Last Friday the government unveiled its plans to bring in costs protection in defamation cases.
The proposed scheme would be similar to the qualified one-way costs shifting (QOCS) regime that came in into force in personal injury in April, but with some important differences. In particular, in defamation, QOCS will be available to defendants as well as claimants, and it will not be there for parties who are considered too wealthy.
It’s hard to argue with the fact that some kind of reform is needed in this area. As the high-profile Libel Reform Campaign has pointed out, when the Jackson Review began in 2008, the average cost of the 20 most expensive trials was £753,677, with the most expensive action costing £3.2m. The average cost of a libel trial in England and Wales is ‘over 100 times the European equivalent’, the group says.
With the recoverability of success fees and after-the-event insurance premiums already stripped away for almost all other areas of civil litigation, its long-term retention in defamation cases - an area where high costs are clearly causing problems - could never be justified. But, arguably, the introduction of QOCS is better news for defendants than it is for claimants - particularly where a claimant with little money sues a large and powerful publisher. Defendants will no longer be on the hook for claimant lawyers’ success fees, or those whopping great after-the-event premiums. True, where QOCS is in play, defendants will not be able to recover their costs from a losing claimant. But they will benefit from a distinctly more weaponised Part 36; it will be a lot harder for the ordinary individual claimant to reject a low offer, when doing so could potentially have such a dramatic effect on costs from that point onwards.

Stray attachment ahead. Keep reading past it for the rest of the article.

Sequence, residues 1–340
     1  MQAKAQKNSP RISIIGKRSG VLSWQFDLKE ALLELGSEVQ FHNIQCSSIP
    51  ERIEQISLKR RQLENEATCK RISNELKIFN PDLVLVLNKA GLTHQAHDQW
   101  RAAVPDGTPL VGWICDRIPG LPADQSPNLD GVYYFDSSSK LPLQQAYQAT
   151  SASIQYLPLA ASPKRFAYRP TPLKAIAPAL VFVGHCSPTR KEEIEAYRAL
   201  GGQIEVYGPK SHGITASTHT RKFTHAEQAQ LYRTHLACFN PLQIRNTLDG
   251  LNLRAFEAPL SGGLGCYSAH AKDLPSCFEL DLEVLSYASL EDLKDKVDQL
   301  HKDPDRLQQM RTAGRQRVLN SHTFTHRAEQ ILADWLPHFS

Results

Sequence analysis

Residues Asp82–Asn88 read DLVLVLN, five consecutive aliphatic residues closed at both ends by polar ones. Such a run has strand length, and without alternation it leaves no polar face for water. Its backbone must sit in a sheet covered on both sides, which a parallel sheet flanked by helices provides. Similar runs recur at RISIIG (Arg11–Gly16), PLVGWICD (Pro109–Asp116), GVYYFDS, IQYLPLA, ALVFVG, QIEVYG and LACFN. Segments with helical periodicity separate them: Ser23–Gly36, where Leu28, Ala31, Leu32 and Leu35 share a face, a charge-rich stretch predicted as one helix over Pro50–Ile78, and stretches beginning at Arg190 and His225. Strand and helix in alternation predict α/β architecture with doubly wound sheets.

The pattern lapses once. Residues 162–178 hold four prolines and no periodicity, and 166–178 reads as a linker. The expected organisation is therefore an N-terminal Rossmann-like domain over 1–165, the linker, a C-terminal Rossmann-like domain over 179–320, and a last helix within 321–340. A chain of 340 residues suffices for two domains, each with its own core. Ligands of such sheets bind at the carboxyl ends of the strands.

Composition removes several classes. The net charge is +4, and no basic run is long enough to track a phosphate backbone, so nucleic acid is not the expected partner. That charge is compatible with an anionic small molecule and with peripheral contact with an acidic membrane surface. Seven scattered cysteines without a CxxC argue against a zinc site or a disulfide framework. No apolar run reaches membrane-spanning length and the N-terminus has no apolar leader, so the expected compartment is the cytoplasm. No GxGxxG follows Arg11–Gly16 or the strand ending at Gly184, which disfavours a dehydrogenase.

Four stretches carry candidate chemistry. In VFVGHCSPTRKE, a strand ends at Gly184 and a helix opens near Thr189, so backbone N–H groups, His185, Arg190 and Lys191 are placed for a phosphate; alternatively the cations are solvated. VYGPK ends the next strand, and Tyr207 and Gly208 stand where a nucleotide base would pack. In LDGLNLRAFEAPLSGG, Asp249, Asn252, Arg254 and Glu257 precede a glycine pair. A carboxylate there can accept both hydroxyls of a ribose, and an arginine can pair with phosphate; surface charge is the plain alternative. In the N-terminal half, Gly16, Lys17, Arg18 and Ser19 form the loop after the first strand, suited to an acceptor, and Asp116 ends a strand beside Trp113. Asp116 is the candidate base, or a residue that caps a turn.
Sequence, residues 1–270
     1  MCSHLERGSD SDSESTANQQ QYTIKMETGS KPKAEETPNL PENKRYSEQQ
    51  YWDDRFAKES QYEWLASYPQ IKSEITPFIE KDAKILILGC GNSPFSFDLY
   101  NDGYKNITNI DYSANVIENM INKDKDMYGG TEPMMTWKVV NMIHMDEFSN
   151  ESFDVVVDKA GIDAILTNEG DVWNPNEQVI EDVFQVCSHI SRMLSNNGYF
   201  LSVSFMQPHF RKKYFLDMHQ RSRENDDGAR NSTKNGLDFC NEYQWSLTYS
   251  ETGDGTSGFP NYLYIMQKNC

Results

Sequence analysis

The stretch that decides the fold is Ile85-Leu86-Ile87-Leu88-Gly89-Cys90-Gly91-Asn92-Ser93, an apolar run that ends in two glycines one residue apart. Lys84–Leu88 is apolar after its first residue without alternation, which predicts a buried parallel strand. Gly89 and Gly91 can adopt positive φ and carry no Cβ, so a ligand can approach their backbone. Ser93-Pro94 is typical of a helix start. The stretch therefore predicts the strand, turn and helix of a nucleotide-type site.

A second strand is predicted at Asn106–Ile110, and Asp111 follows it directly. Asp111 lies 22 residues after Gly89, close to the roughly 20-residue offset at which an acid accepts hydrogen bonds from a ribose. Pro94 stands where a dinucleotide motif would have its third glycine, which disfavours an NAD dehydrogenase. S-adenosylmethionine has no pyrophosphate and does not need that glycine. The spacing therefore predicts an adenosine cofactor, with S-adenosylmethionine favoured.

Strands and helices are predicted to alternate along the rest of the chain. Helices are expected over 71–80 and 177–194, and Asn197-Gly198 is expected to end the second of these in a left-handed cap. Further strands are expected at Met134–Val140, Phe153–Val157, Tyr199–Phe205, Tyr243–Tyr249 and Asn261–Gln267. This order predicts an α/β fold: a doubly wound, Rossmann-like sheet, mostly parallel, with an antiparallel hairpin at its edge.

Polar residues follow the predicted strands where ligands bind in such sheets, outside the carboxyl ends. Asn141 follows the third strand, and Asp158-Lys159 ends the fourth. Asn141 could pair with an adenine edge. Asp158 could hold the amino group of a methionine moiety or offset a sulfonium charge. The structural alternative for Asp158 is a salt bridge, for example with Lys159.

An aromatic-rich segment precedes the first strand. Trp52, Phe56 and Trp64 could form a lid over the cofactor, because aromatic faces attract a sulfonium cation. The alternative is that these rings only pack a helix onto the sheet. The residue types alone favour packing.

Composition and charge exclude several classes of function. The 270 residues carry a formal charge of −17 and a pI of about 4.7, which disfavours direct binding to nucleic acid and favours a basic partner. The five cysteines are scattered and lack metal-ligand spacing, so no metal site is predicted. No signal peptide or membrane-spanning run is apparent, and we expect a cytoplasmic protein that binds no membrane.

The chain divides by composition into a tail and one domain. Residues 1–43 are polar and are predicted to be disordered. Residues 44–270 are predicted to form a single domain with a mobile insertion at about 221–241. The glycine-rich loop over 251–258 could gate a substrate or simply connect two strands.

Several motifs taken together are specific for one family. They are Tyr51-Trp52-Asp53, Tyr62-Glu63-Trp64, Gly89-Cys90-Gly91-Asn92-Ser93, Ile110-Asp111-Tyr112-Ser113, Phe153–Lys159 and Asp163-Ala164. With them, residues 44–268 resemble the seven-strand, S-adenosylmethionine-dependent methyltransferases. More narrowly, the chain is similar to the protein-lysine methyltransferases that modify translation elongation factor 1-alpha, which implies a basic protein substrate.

The same is true for the small publisher, who may find it hard to turn down an unattractive deal offered by a wealthy claimant. By rejecting the Part 36 offer, it immediately puts itself at risk of paying the claimant’s expensive legal fees from the point of the offer onwards (in the post-Jackson world, of course, legal costs must always be ‘proportionate’, but no one yet knows precisely what that actually means). Government doesn’t necessarily see pressure to accept offers as a bad thing, however - the consultation document says, ‘it is hoped that the proposals might also encourage earlier settlement of cases’. But that doesn’t make those settlements fair.
Since QOCS was introduced in personal injury in April, its extension to other areas has always been on the cards - and it will not stop at defamation. But I’m not sure how many lessons can yet be learnt from the PI experience. While QOCS may be in place, the courts will still be choking on the backlog of cases brought in under the old regime, ahead of the 1 April deadline. As far as possible, though, the government must examine how some of the more difficult aspects of QOCS are panning out in practice in PI - the funding of disbursements, the impact of Part 36 offers, the loss of QOCS protection due to strike out or ‘fundamental dishonesty’ - before the detailed rules are drawn up for defamation.
It is fair to say that the way the QOCS regulations were brought in earlier in the year, with all the confusion and delay that accompanied them, leaves considerable room for improvement.